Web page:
CHAUTAUQUA, NY – Author Salman Rushdie was attacked and stabbed on stage during a lecture in western New York Friday morning according to multiple reports.
Set to start his lecture around 10:45 am at the Chautauqua Institution in front of hundreds of people, Rushdie, 75 years old, took the stage as he was announced. At this point, a so-far-unidentified man confronted Rushdie on the stage and started to “punch or stab” him, approximately 10-15 times. Rushdie was then either pushed or fell to the ground.
Reports later said that Rushdie had been stabbed in the neck and he was taken to the hospital by helicopter.
A trooper assigned to the event reportedly took the assailant into custody, although no information on the suspect was released at the time of this writing.
Rabbi Charles Savenor was present during the attack and spoke with a reporter from the Associated Press. “This guy ran on to platform and started pounding on Mr. Rushdie,” he said. “At first you’re like, ‘What’s going on?’ And then it became abundantly clear in a few seconds that he was being beaten.”
A book written by Rushdie in 1988, “The Satanic Verses,” was banned in Iran after being labeled as “blasphemous” by Muslims. Aside from banning the book, Iran’s former Ayatollah Ruhollah Khomeini issued an order for Rushie’s death, offering a bounty of over $3 million.
Many protests have been held against Rushdie since that time all over the world, including a Mumbai riot that ended up getting 12 people killed.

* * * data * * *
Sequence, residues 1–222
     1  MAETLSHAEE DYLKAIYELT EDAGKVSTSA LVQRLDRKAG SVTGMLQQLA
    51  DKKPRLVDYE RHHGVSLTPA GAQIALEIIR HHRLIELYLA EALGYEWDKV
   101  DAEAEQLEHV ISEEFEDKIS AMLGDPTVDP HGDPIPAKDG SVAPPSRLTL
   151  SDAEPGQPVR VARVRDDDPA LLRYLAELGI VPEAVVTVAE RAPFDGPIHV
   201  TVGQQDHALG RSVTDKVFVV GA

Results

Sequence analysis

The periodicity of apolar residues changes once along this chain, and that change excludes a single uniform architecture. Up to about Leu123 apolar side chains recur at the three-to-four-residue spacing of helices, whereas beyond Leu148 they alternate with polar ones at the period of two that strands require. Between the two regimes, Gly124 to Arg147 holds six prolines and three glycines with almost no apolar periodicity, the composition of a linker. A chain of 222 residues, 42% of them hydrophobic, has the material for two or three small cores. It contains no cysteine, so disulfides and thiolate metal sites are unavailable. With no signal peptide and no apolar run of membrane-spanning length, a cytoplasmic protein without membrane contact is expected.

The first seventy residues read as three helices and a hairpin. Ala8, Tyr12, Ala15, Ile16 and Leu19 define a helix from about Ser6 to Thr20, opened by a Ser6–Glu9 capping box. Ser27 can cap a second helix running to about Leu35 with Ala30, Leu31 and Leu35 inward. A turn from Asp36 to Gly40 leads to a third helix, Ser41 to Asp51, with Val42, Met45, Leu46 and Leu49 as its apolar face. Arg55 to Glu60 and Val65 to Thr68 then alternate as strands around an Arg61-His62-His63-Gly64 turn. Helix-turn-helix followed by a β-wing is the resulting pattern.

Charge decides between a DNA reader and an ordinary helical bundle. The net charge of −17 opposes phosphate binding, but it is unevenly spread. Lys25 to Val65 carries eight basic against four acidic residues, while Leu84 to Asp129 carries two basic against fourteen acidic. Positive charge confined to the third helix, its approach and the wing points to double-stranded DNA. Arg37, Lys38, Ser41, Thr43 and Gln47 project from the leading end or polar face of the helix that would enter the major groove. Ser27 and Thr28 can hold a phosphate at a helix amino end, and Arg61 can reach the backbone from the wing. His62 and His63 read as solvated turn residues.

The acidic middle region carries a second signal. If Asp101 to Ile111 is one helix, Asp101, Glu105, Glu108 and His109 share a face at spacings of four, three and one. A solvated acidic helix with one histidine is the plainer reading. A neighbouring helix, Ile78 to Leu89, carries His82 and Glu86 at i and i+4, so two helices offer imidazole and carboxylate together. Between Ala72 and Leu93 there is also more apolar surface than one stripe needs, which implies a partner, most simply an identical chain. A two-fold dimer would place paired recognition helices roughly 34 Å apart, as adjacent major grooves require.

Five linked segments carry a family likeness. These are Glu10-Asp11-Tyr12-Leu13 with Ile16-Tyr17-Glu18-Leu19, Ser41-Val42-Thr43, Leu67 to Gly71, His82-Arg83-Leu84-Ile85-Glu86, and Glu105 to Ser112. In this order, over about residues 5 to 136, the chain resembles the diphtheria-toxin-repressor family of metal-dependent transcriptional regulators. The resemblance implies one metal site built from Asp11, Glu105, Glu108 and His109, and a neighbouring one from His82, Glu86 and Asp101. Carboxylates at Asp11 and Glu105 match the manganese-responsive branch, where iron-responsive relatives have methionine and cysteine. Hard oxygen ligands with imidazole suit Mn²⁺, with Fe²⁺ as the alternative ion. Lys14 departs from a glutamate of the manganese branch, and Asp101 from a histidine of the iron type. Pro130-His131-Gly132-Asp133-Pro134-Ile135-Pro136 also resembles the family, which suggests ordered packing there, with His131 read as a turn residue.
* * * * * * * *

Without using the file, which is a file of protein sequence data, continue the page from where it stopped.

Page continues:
Rushdie was placed under law enforcement protection and went into hiding under a British government program, which included being guarded around the clock for approximately nine years. After that time, he began to slowly reemerge, eventually getting back to doing public appearances, with Iran having “distanced itself” from the order (or fatwa) calling for Rushdie’s death.
He maintained his talking points of standing against religious extremism, however, and there are still many against Rushdie and his statements. Reportedly, money had been raised to up the death order reward as recently as 2016, as the fatwa is still in effect. As of 2012, the bounty appeared to be approximately $3.3 million.
Rushdie published a book in 2012 called “Joseph Anton,” named for his fake name under hiding and government protection, discussing the fatwa.
Rushdie is the former president of PEN America, an organization dedicated to the preservation of freedom of speech. Current CEO Suzanne Nossel released a statement of the incident, which read in part, “We can think of no comparable incident of a public violent attack on a literary writer on American soil.
“Just hours before the attack, on Friday morning, Salman had emailed me to help with placements for Ukrainian writers in need of safe refuge from the grave perils they face. Salman Rushdie has been targeted for his words for decades but has never flinched nor faltered.”
The author’s condition is not known at this time.